Spirit Cave (Thailand)

Spirit Cave (Thai: ถ้ำผีแมน, Tham Phii Man) is an archaeological site in Pang Mapha district, Mae Hong Son Province, northwestern Thailand. It was occupied 12,000 to 7,000 uncalibrated radiocarbon years ago by prehistoric humans of the Hoabinhian culture.

Spirit Cave
Location in Thailand
Alternative nameTham Phii Man
LocationPang Mapha district, Mae Hong Son Province, Thailand
Altitude650 m (2,133 ft)
PeriodsUpper Paleolithic, Neolithic
Site notes
ArchaeologistsChester Gorman
Mae Hong Son Province, Pang Mapha district in red
Map of the Salween watershed


The site is situated at an elevation of 650 m (2,130 ft) above sea level on a hillside overlooking a small stream. It was excavated in the mid-1960s by Chester Gorman. The Salween River, one of Southeast Asia's longest rivers, flows less than 50 km (31 mi) to the north. Two other significant nearby sites are the Banyan Valley Cave and the Steep Cliff Cave.


Human presence at the site is documented from the Upper Paleolithic to the early Neolithic, but the primary occupation layers represent Hoabinhian hunter-gatherers.[1] Radiocarbon dating of organic resin on some pottery sherds returned Late Neolithic-Bronze ages, at odds with Gorman's claims for the Palaeolithic age of the deposit.[2] Radiocarbon dating of four freshwater crab (Indochinamon sp.) dactyls from Spirit Cave showed that they all date to the Early Holocene, consistent with Gorman's claims of occupation during the Pleistocene–Holocene transition.[3]

Plant domestication

Gorman [4] claims that the Spirit Cave included remains of Prunus (almond), Terminalia, Areca (betel), Vicia (broadbean) or Phaseolus, Pisum (pea) or Raphia lagenaria (bottle gourd), Trapa (Chinese water chestnut), Piper (pepper), Madhuca (butternut), Canarium, Aleurites (candle nut), and Cucumis (a cucumber type) in layers dating to around 9,800 to 8,500 years BCE. None of the recovered specimens differed from their wild phenotypes. He suggested that these may have been used as foods, condiments, stimulants, for lighting and that the leguminous plants in particular "point to a very early use of domesticated plants".[5] He later wrote [6] that "Whether they are definitely early cultigens remains to be established... What is important, and what we can say definitely, is that the remains indicate the early, quite sophisticated use of particular species which are still culturally important in Southeast Asia".

In 1972 W.G. Solheim, as the director of the project of which Spirit Cave was part, published an article in Scientific American discussing the finds from Spirit Cave. While Solheim noted that the specimens may "merely be wild species gathered from the surrounding countryside", he claimed that the inhabitants at Spirit Cave had "an advanced knowledge of horticulture". Solheim's chronological chart suggests that "incipient agriculture" began about 20,000 years BCE in Southeast Asia. He also suggests that ceramic technology was invented at 13,000 years BCE although Spirit Cave does not have ceramics evident until after 6,800 years BCE.[7]

Although Solheim concludes that his reconstruction is "largely hypothetical", his overstatement of the results of Gorman's excavation has led to inflated claims of Hoabinhian agriculture. These claims have detracted from the significance of Spirit Cave as a site with well-preserved evidence of human subsistence and palaeoenvironmental conditions during the Hoabinhian.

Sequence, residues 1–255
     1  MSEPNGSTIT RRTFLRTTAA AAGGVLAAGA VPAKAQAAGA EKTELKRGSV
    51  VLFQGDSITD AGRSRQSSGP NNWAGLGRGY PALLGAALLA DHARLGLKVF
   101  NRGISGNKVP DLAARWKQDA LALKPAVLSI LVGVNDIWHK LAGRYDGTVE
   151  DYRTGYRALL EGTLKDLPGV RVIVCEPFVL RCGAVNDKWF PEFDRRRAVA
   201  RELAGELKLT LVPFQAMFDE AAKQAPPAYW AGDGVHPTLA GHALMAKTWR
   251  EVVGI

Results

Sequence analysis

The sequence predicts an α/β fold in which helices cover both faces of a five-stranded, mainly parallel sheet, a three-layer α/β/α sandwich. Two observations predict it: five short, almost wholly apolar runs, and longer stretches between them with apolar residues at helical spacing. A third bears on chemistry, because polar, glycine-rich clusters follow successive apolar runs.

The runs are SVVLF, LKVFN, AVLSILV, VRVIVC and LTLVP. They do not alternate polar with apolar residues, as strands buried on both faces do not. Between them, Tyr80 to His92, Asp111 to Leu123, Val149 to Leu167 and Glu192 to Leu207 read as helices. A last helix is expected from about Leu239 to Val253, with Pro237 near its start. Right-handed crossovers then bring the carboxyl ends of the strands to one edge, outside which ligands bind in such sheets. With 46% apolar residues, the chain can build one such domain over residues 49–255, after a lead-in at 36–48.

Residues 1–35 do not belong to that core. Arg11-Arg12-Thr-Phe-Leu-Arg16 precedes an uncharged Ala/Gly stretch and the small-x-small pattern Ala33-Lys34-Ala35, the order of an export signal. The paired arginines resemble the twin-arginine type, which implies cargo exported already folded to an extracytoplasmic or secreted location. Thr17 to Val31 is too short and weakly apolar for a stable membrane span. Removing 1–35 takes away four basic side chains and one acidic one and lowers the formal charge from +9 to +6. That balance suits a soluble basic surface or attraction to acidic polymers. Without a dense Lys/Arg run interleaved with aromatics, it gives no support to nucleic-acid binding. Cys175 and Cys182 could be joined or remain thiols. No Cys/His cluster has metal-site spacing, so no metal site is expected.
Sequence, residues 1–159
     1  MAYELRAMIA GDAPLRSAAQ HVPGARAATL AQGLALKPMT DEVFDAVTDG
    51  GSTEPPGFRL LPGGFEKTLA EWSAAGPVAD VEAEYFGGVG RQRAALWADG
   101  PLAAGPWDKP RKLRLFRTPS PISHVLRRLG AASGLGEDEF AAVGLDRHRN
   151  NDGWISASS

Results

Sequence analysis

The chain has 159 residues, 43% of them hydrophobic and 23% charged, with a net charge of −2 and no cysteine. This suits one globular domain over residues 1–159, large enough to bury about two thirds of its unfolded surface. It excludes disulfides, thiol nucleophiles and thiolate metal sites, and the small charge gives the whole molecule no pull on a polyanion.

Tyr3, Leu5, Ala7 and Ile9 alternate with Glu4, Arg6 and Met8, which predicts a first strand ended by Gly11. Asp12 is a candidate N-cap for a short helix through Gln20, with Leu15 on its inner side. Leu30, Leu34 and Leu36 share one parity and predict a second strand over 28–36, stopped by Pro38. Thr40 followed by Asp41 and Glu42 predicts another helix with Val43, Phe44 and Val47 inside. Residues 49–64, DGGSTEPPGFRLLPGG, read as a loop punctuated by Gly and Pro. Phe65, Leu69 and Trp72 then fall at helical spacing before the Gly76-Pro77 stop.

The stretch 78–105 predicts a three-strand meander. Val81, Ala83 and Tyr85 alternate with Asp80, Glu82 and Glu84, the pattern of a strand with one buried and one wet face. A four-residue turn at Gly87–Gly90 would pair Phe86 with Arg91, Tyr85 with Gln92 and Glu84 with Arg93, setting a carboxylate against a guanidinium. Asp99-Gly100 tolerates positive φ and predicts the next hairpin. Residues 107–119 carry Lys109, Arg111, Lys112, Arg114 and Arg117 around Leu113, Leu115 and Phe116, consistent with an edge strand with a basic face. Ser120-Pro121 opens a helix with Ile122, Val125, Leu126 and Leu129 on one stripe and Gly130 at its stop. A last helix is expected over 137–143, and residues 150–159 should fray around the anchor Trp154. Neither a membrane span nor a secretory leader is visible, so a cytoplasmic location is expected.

Gorman discussed cultural levels with respect to lithic artifacts and identified two layers at Spirit Cave.[6] Course-grained quartzite was the most abundant stone found in both layers. The remains included large unifacially worked pebble cores aka sumatraliths, grinding stones, and retouched/utilized flakes.[6] Cultural level two consisted of new types of artifacts including flaked and polished quadrangular adzes and small ground/polished slate knives.[6] He used the findings at Spirit Cave to argue the notion that the Hoabinhian culture was a techno-complex due to a response to similar ecological adaptations.[6]

See also


  1. Conrad, Cyler; Higham, Charles; Eda, Masaki; Marwick, Ben (14 October 2016). "Palaeoecology and Forager Subsistence Strategies during the Pleistocene – Holocene Transition: A Reinvestigation of the Zooarchaeological Assemblage from Spirit Cave, Mae Hong Son Province, Thailand". Asian Perspectives. 55 (1): 2–27. ISSN 1535-8283.
  2. Lampert, C.D.; Glover, I.C.; Hedges, R.E.M.; Heron, C.P.; Higham, T.F.G.; Stern, B.; Shoocongdej, R.; Thompson, G.B. (March 2003). "Dating resin coating on pottery: the Spirit Cave early ceramic dates revised". Antiquity. 77 (295): 126–133. doi:10.1017/S0003598X0006141X.
  3. Conrad, Cyler; Shoocongdej, Rasmi; Marwick, Ben; White, Joyce C.; Thongcharoenchaikit, Cholawit; Higham, Charles; Feathers, James K.; Tumpeesuwan, Sakboworn; Castillo, Cristina C.; Fuller, Dorian Q.; Jones, Emily Lena (8 October 2021). "Re-evaluating Pleistocene–Holocene occupation of cave sites in north-west Thailand: new radiocarbon and luminescence dating". Antiquity: 1–18. doi:10.15184/aqy.2021.44.
  4. Gorman C. (1971) The Hoabinhian and After: Subsistence Patterns in Southeast Asia during the Late Pleistocene and Early Recent Periods. World Archaeology 2: 300-20
  5. Gorman C. (1969) Hoabinhian: A pebble tool complex with early plant associations in Southeast Asia. Science 163: 671-3
  6. Gorman C. (1971) The Hoabinhian and After: Subsistence Patterns in Southeast Asia during the Late Pleistocene and Early Recent Periods. World Archaeology 2: 311
  7. Solheim, W.G. (1972) An earlier agricultural revolution. Scientific American 226: 34-41


  • Charles Higham (2002). Early Cultures of Mainland Southeast Asia. River Books. pp. 46–49.

This article is issued from Wikipedia. The text is licensed under Creative Commons - Attribution - Sharealike. Additional terms may apply for the media files.